Another way to create a good mood and also motivate diligence for your employees is to establish open lines of communication. If you provide consistent feedback, and allow them to provide feedback too, it will foster a culture of trust – an environment every employee craves. Furthermore, when you think your employee is having problems, talk to them about their roadblocks, identify the cause of their loss in motivation, and create a solution together.
As an extension of creating a good mood, it is important to reward your employees by showing your appreciation for their work. Ensure that you celebrate the achievement of both short-term goals and long-term goals. Forbes cites a study which found that providing substantial employee recognition shows a 31% decrease in employee turnover rates. With a distributed team it isn’t possible to shake hands or give pats on the back, but you can send encouraging messages or “Employee of the Week/Month” awards through email and chat platforms.
You can also reward your employees for their success through great benefits. In addition to benefits, a well-developed incentive program will encourage your employees to push harder and pass benchmarks of success. Inc. published a list of perks you can afford, such as reimbursement for work-related outings, free food and drinks in the office, and paid volunteer time. Global accommodation-booker Airbnb, which has offices in 12 countries, gives their employees $2,000 a year to travel anywhere on the globe. There is a never-ending list of ideas for what you can provide your employees.
While motivating a distributed team may be difficult, it isn’t impossible. If you understand key productivity motivators, then you can take these ideas and implement them in your virtual workspace.
Have you tried any of these motivation methods before? What has worked for your team?
The deployment of video conferencing booms in many companies. This way they can save costs and increase productivity. In earlier days video conferencing was reserved for top management but this has changed fundamentally. Today video conferences are used by all employees for their daily communication.
Today many companies own 500+ video conference rooms and 10thousands of desktop video conference users. The demand for professional video conferences is growing further and has been up to 30% a year.
The company’s structure used to be set up in a way to correspond to the needs of top management as a strictly controlled managed service. This strictly controlled managed services offers a high security standard for the company, however accounts for a big amount of the budget at the same time.
A remedy can be found in video conference self-services. The big advantage here is the high scalability and the reduced costs compared to the encompassing managed service. The video conference self-service should generally serve as an addition to the existing managed service structures.
Anyone thinking about implementing a video conference self-service should take note of the following five points:
In case you use a high quality managed service already, it will not be an option to not use this service in the future. It is important to manage the user expectations and clearly state for which purposes the self-service is intended. A self-service should predominantly be accessible for all employees. The managed service still makes sense for important meetings of the top management, etc. It can be helpful to communicate the costs of the managed service transparently to the users – a measure which might change their mind rather quickly.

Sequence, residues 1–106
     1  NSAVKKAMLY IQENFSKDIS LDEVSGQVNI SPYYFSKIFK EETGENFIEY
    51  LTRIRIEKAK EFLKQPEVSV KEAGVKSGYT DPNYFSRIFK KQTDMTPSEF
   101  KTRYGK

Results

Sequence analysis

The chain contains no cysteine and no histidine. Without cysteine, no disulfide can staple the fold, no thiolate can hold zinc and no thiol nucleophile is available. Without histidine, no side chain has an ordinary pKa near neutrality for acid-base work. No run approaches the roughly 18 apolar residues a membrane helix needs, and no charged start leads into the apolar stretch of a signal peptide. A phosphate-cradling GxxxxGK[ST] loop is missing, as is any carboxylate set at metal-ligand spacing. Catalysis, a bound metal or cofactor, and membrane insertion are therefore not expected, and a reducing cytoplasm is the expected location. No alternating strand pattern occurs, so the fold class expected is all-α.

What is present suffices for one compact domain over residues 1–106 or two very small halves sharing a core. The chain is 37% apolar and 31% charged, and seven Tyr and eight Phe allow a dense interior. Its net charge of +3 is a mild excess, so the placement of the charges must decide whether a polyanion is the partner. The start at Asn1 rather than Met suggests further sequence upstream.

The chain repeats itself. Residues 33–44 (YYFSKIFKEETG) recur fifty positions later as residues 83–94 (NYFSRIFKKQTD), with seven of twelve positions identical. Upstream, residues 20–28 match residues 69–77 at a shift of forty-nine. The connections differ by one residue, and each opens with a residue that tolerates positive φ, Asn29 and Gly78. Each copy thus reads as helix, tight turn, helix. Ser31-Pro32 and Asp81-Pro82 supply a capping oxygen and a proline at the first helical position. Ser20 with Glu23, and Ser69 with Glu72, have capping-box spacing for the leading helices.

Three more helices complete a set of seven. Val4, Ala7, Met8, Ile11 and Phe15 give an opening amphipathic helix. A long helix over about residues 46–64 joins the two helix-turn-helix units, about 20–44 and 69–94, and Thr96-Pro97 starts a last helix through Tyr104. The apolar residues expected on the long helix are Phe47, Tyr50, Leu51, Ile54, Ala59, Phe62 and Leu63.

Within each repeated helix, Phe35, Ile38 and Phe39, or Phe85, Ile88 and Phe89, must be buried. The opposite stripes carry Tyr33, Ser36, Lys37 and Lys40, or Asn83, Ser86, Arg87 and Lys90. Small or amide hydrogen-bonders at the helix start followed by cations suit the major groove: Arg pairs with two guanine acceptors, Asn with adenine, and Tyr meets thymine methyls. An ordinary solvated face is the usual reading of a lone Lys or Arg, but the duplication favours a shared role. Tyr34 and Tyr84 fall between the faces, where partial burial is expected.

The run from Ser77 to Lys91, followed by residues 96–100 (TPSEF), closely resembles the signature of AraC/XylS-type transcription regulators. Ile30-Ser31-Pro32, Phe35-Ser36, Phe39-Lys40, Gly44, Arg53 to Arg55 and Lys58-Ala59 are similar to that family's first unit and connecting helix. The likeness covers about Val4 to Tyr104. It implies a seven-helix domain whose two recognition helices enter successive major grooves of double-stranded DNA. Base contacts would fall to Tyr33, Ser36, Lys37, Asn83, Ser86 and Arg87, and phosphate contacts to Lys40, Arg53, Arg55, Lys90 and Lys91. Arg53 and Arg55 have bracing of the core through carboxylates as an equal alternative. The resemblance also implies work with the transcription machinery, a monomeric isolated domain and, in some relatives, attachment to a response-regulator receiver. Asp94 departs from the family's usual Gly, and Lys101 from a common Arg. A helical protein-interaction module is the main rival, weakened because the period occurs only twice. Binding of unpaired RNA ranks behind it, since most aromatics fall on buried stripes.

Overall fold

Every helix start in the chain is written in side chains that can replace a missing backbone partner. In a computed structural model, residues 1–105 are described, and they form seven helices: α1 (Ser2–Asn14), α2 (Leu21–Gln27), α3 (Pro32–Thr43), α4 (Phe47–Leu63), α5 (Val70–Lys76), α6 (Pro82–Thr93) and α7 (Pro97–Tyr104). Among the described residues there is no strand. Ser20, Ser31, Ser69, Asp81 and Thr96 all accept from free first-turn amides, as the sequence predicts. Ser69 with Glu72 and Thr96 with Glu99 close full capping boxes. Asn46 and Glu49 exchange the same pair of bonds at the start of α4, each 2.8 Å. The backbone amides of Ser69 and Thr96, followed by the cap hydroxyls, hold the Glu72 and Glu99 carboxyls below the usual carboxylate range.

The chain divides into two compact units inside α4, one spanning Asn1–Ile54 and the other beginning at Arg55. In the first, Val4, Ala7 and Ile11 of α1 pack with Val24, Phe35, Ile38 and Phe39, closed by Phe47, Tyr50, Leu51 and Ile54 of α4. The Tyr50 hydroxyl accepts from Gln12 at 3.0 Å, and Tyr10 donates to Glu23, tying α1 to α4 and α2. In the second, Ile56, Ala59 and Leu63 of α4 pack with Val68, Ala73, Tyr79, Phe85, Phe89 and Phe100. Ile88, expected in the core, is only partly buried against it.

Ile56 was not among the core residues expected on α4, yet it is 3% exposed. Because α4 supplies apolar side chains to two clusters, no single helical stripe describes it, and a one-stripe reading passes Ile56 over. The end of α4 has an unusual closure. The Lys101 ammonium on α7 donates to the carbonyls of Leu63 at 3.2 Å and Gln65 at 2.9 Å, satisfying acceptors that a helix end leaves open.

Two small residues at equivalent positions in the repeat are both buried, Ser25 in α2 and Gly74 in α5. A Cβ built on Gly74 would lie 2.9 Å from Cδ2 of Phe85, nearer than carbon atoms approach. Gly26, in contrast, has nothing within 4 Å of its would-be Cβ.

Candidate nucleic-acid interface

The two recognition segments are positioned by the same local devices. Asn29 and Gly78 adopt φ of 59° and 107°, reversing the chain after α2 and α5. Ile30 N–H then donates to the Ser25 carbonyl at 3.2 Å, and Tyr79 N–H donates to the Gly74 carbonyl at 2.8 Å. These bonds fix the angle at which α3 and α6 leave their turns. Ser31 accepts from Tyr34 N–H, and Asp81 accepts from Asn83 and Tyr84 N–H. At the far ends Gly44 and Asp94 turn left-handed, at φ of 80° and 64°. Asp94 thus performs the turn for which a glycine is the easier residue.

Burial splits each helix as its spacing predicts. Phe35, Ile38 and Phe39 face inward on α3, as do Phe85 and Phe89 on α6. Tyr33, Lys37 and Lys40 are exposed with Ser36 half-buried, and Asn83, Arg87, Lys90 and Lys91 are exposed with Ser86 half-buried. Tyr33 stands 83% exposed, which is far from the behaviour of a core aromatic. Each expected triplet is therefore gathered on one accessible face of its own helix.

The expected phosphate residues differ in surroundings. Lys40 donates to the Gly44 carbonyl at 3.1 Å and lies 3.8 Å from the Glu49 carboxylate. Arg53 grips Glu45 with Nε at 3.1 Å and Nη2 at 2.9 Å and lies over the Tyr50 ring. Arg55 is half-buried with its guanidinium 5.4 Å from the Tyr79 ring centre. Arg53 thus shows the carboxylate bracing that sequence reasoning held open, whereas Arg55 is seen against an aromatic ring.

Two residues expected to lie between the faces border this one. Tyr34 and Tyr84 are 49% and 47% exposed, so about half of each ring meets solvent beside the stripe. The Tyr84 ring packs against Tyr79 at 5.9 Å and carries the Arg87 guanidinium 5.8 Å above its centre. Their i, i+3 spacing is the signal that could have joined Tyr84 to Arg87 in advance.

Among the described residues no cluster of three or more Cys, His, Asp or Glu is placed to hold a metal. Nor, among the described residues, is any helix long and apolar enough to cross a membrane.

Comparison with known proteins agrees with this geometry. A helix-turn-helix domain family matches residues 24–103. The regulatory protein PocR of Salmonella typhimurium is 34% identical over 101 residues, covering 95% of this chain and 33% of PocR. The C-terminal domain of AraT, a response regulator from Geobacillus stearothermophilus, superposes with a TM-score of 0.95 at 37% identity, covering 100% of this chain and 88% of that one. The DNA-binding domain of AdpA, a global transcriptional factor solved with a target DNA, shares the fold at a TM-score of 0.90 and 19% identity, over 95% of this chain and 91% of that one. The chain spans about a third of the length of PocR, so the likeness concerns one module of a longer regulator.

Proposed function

Be aware that existing video conference infrastructure often is not tailored to the needs of the video conference self-service. Ordinary video conference infrastructures only enable low scalability, which means that video conference ports are not unlimited. It might make sense to use a software based video conference structure. These allow for high scalability and low operation costs. Initially it might make sense to use a cloud video conference service.
Video conference self-service does not mean that normal business can be compromised and the solution automatically works – to the contrary! For high user satisfaction the video conference infrastructure has to be stable, questions of users have to be answered timely and competent and the administration of accounts and virtual video conference rooms has to be managed.
If you offer a video conference self-service, you also have to educate the users in a way that they are able to use the service right. Training is important. That can be seminars, booklets, eLearning training videos and intranet pages.
The introduction of a video conference self-service can lead to an enormous demand. Some companies measured the double demand within a year. Pay attention to the impact on your network and on your video conference infrastructure as well as on the daily business. The budget planning should grow too, because financial resources are especially scarce during the year.
I hope these are some good pointers for all our readers considering to look into add a self-service to their portfolio. If you have made any experiences yet around this or just want to share your thoughts, please feel invited to do so in the comments box below. Many thanks!